I guess what I was trying to say, was along the lines of, for instance, if you pointed to a full measure rest in 3/4 to to a composer in the 1700's, and asked him what it was called, if he would refer to it simply as a whole rest, or would know that it was actually called by a different name on account of the time signature, namely a full measure rest instead; or if such nomenclatural distinction is peculiar to our day, and came about with the advent of notation software.

In reply to by DesignLov3

Long before anyone had a computer in their home I was playing music in school and I knew what a measure rest was in all time signatures. If you look on for music dating back to the 1600's ( a couple of years before I was born) you will see measure rests written into the scores rather than a series of shorter rests when the time signature is less than 4/4.

In reply to by mike320

Yes, understood, and agreed. My point was if they'd know that a whole rest goes by a different name if it has more or less than four beats (at which point it's evidently referred to instead as a full-meassure rest) even though it's the same symbol, or if this distinction in name, based on number of beats, is modern convention.

In reply to by mike320

Well, I certainly see tons of what are commonly referred to as "whole rests" but are technically measure rests - the centered version that always fulls a measure regardless of time signature. What I'm saying is, most musc teachers, music textbooks don't make the distinction - they simply use the term "whole rest" to mean what is actually a measure rest. The book used a textbook for the university course I am teaching right now does this - like you say, a picture of a whole note, right next to it a picture of a measure rest (centered) but labeled "whole rest". So sounds like your memory of how you were taught is identical to my memory of how I was taught, and is identical to how the textbook I am using teaches it - calling them all "whole rests".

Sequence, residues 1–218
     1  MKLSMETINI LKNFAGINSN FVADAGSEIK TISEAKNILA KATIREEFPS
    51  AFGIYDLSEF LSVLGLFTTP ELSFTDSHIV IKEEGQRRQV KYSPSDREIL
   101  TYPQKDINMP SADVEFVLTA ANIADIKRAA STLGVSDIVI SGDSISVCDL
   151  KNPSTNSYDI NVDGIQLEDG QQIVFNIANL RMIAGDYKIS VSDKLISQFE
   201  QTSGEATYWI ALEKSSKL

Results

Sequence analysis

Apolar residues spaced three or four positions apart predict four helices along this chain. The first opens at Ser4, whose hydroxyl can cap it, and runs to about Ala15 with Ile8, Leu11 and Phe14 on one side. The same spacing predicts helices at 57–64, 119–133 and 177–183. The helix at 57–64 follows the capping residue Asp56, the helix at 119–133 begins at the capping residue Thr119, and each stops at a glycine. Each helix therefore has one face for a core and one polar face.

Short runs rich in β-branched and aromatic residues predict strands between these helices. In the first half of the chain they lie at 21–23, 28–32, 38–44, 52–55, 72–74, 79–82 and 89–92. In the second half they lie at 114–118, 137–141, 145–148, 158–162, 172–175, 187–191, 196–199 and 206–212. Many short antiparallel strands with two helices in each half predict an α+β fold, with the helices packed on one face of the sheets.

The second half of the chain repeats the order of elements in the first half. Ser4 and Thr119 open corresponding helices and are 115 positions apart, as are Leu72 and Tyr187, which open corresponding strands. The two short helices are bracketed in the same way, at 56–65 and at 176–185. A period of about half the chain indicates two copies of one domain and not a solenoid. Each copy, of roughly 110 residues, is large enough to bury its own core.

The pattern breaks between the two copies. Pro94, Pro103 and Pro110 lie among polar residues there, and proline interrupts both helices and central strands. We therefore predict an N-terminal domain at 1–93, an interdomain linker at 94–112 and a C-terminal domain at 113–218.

It's the idea that the same rectangle-hanging-from-line-4 means something different - and potentially has different names - depending on whether it is centered or not that isn't very widely known. Most teachers and books call it a whole rest whether it is centered or not. Sometimes it is explained that a whole rest is different from a whole note in that the whole note is always exactly four quarter notes long but a whole rest is however long the measure is, sometimes this is completely glossed over.

If you insist on using dotted half rests, you can select a rest and press 5 the the period or decimal to change the rest. You can then select the measure and press R a few times. You can then select all of these measures and press R to fill the score faster.